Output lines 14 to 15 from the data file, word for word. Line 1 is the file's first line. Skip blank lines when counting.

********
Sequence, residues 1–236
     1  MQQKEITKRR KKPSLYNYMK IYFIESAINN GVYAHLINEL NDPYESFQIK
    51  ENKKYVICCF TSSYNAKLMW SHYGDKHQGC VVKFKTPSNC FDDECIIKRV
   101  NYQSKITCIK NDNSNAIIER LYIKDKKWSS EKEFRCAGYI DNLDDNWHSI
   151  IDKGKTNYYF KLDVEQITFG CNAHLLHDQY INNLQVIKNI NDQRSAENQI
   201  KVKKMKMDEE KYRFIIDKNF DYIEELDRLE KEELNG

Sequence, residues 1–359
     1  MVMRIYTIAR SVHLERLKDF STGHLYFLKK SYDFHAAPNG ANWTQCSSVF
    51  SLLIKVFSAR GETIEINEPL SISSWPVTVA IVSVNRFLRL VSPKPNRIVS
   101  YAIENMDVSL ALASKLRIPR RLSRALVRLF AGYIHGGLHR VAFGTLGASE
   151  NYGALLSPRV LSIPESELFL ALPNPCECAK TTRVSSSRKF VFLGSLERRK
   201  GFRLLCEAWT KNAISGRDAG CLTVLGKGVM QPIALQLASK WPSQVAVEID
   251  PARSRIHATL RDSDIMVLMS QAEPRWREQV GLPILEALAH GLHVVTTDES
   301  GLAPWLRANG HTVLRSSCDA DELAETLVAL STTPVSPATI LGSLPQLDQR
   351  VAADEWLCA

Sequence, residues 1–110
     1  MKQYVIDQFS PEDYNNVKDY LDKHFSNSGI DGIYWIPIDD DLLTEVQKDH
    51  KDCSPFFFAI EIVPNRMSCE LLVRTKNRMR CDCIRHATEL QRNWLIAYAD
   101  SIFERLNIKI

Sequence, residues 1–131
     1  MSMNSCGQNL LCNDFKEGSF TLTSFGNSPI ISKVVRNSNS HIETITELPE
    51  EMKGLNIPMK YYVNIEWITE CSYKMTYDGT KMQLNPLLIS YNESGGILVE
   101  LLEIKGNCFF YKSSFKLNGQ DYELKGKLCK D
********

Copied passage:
   301  GLAPWLRANG HTVLRSSCDA DELAETLVAL STTPVSPATI LGSLPQLDQR
   351  VAADEWLCA